Rovereto said that she did not know, and could not disclose if she did know, the exact terms of the contract. But three sources familiar with the deal say that it amounts to $6,000 per week. The bank pays the money directly to the society while Matthews, the sources said, cuts checks to the officers who work on the security detail.

According to the state Attorney General’s Office, the society, which is a tax-exempt charity organization under chapter 7A of State Charities Law, is “delinquent in filing the required non-profit paperwork with our office.” Records available from the attorney general’s office show no annual filings by the society since 2005. Kingston Police Gold Shield Society Treasurer Rick Tierney did not return a message left with a fellow detective at Garraghan Drive seeking comment on the Friar Tuck contract.

The Friar Tuck security detail reportedly includes some of the roughly 12 Kingston cops who work as security guards at the school. One source who was briefed on the issue by Sottile said that the Mayor had expressed concern about the levels of off-duty employment by some Kingston cops.

“The question is, how are these guys working at the police department, working at the high school and working at the Friar Tuck?” said the source. “How are they doing all of this?”

Sottile declined to discuss details of the investigation, but he said that the allegations against Matthews highlighted the need for revamped oversight mechanisms at the police department. But, Sottile said, he retained confidence in Keller.

“I am going to rely on the chief to work on safeguards,” said Sottile. “We want to make sure that there are some checks and balances so that nobody gets placed in a compromising position.”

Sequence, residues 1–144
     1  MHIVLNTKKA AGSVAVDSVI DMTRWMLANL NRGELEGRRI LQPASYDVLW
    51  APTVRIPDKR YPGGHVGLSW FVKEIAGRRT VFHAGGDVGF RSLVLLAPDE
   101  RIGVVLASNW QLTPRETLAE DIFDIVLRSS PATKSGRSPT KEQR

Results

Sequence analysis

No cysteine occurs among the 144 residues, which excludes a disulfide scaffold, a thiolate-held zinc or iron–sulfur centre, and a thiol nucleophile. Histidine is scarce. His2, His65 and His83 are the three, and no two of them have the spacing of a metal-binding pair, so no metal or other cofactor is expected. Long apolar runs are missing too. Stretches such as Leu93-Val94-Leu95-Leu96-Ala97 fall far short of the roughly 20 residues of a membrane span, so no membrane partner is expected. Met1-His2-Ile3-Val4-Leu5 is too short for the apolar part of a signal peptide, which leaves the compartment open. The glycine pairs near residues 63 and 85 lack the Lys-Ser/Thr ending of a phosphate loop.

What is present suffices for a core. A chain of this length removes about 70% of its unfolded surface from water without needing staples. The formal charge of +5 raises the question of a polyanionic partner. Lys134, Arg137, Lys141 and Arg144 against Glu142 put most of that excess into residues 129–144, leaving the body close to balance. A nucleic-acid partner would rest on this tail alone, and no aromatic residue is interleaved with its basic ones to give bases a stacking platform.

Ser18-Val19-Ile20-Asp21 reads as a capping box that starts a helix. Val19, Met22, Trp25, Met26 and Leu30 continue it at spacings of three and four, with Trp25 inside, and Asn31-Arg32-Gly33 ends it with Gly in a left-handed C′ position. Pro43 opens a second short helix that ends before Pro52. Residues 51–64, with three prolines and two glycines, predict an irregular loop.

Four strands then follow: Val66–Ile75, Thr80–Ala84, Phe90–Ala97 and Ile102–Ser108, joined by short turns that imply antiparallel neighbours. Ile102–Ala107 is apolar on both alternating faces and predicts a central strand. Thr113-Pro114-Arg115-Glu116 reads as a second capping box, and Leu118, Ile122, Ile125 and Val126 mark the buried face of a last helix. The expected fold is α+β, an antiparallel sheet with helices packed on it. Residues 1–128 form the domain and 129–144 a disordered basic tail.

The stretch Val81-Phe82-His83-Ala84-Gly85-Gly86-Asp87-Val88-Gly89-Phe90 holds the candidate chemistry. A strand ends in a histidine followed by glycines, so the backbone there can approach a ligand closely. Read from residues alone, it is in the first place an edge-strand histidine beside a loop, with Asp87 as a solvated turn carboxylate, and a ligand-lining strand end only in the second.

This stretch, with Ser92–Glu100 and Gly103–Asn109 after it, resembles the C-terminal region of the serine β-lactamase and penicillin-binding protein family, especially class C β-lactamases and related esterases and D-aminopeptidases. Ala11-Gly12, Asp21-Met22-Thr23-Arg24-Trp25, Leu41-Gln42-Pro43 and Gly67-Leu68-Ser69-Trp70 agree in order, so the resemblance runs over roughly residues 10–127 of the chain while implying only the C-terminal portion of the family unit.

Town of Ulster Supervisor Jim Quigley said that the allegations against Matthews has prompted him to review operations at the town’s police department. Quigley said that he had requested payroll records from the school district for a number of Town of Ulster police officers who had indicated in departmental records that they had business dealings with the district, presumably as school guards. Quigley added that the department is currently undergoing a routine re-accreditation process which includes an audit of the department’s evidence safe. Quigley said that after the allegations against Matthews surfaced, he had requested that someone from outside the department be present when the audit took place.

“I do not suspect any kind of wrongdoing,” said Quigley. “But I am erring on the side of caution to make sure that we do not have a problem.”

Matthews’ suspension comes at a critical time for the Detective Division. Matthews had been the sole supervising detective since Detective Sgt. Wayne Maisch retired last summer. Currently, the department is investigating a number of high-profile cases including the disappearance of Zach Green and the Jan. 10 robbery of a Key Bank branch on Wall Street. The division has also felt the impact of major cuts in the department’s overtime budget, which Keller acknowledged has made it more difficult to investigate crimes.

Kingston police administrative officer Lt. Edgidio Tinti said that he is supervising the 10-member detective division on an interim basis.